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Neil Featherby: Another year older but it won't stop me chasing the pace of yesteryear

PUBLISHED: 10:30 11 January 2019

Neil Featherby on the home straight on his way to finishing fourth at the Bermuda Marathon. Picture: Neil Featherby

Neil Featherby on the home straight on his way to finishing fourth at the Bermuda Marathon. Picture: Neil Featherby

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Whilst January always means the start of a new year, for me it is also the end of another one.

Neil Featherby with Steve Ovett, Mrs P Lever (Race Directors wife) and the late Jim Doig in Bermuda. Picture: Neil FeatherbyNeil Featherby with Steve Ovett, Mrs P Lever (Race Directors wife) and the late Jim Doig in Bermuda. Picture: Neil Featherby

In other words it’s another birthday for me (Jan 16th) and having hit a huge landmark last year when turning 60, life really is now moving on at a fast pace. Ironic really as whilst the pace of each year seems to be getting ever quicker, my running pace is getting ever slower, much to my frustration.

After last year’s birthday, I set two challenges for myself.

One was to try and run a mile at the same pace which I averaged for each mile when running my quickest ever marathon and the other was to try and run Hadrian’s Wall under 24 hours. The latter I did and whilst some may think that completing 86 miles with 7,000 feet of tough climbing would be the hardest challenge, all I can say is, not by a long way!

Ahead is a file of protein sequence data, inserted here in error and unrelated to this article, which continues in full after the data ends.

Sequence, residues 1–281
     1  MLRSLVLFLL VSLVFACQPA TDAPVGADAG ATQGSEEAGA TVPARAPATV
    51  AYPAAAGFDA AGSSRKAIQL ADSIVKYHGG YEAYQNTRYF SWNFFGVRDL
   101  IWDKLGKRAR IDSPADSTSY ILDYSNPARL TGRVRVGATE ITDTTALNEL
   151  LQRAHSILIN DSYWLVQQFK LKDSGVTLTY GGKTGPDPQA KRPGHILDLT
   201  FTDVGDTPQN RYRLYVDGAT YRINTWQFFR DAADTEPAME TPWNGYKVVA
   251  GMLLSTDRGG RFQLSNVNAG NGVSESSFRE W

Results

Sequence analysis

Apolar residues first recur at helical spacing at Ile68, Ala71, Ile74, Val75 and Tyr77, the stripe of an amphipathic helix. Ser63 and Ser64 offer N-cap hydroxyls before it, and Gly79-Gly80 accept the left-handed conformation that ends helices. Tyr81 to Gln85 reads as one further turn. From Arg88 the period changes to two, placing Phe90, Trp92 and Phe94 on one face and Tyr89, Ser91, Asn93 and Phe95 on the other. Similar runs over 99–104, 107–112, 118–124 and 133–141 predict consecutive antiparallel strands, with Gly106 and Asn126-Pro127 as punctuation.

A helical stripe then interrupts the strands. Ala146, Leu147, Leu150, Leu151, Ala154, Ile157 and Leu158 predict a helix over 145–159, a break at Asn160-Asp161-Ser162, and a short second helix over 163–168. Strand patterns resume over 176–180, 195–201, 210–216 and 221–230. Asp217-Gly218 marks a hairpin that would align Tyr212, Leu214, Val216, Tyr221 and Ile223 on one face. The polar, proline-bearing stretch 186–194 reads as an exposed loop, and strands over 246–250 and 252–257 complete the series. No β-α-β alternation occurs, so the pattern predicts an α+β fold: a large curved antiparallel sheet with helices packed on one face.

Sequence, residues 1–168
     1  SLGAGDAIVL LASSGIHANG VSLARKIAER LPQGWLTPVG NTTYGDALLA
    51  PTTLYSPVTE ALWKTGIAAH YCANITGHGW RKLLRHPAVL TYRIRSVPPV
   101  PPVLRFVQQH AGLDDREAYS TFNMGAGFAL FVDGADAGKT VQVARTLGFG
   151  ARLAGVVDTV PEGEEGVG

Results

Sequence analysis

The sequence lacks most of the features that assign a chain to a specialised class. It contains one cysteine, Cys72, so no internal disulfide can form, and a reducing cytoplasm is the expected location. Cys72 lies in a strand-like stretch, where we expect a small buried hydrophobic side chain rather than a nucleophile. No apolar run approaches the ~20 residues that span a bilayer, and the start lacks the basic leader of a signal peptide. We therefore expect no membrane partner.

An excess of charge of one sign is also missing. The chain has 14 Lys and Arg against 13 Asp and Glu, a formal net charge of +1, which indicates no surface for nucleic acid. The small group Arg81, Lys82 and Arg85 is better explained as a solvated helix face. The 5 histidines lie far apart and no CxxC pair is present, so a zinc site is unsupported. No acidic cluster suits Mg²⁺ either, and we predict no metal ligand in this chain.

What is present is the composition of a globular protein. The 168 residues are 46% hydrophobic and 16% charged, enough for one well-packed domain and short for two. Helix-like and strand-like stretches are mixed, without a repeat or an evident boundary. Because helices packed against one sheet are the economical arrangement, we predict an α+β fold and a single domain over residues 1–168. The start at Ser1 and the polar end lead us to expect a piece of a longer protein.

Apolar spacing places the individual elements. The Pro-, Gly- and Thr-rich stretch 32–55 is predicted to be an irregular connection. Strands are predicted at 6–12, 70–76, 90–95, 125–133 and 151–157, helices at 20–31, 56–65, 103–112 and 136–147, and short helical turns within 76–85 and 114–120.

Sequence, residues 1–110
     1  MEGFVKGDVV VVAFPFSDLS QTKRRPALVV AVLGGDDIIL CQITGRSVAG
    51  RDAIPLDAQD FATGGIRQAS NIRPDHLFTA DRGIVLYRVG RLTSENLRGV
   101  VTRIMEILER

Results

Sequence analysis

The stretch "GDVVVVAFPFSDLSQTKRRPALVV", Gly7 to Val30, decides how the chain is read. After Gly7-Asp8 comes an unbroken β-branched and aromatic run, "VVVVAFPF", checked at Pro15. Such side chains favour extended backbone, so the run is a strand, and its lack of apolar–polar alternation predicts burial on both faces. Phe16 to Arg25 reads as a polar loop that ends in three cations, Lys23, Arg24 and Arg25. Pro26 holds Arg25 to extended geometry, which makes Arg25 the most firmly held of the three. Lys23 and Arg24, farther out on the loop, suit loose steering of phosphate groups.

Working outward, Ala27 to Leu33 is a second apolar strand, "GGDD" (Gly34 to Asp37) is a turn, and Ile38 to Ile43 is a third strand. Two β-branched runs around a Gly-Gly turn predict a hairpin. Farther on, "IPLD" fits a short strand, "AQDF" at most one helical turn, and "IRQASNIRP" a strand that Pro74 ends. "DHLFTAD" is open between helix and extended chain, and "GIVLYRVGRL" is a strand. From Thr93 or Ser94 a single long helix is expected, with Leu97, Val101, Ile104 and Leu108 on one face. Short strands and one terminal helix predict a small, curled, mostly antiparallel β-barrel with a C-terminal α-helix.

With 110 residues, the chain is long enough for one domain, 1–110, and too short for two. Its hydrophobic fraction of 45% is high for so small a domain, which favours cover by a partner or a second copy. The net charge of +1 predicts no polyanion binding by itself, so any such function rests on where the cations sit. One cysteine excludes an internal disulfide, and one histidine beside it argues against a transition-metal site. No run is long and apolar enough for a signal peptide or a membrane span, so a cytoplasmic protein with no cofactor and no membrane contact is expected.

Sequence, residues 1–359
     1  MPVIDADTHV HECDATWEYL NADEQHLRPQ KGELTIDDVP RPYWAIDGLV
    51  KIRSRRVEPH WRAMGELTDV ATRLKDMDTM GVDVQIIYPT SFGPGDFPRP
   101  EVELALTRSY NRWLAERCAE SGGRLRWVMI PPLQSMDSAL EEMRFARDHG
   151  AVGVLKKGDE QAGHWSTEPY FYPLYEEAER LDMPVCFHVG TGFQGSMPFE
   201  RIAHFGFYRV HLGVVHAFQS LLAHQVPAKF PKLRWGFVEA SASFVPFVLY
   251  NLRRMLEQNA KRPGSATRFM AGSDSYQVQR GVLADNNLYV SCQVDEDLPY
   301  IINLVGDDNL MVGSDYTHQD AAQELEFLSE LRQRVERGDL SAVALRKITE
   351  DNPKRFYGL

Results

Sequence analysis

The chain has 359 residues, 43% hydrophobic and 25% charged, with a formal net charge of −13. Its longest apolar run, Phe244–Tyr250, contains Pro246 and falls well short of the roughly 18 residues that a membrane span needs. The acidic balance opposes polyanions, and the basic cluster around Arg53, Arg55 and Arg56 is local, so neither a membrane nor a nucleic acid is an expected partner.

Running long distances is not a problem, but speed is. Whilst not exactly a doddle, I loved doing The Wall Run and even though my left hip was in a bit of a mess for the last 20 miles or so, it was just a case of keep moving forward whilst putting one leg in front of the other.

Neil Featherby took first place in the 30-39 age category at the Bermuda Marathon. Picture: Neil FeatherbyNeil Featherby took first place in the 30-39 age category at the Bermuda Marathon. Picture: Neil Featherby

However, the nearest I got to completing the mile in 5:14 was when pulling up in sheer frustration during what was meant to be my one off flying mile.

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Typically me, I didn’t think about the dull light along what was a mile stretch of Marriotts Way. I wasn’t able to see clearly the pace and time on my watch and neither could my other half Steph, who was on her bike beside me. Let’s just say, I threw my toys out of the pram and pulled up literally just short of 1km. To my further annoyance when I looked at the time, I had averaged 5:11 pace and whilst I also know I would have faded if I had of kept going, I reckon I might have done about 5:20…ish!

I will have another go as I hate giving up and would have indeed tried again much sooner if it hadn’t of been for preparing for The Hadrian’s Wall Challenge.

Having looked at all the Norfolk Cross Country Championship results last Sunday, it is quite clear that there is some outstanding talent coming through along with several athletes who are also now approaching their peak years.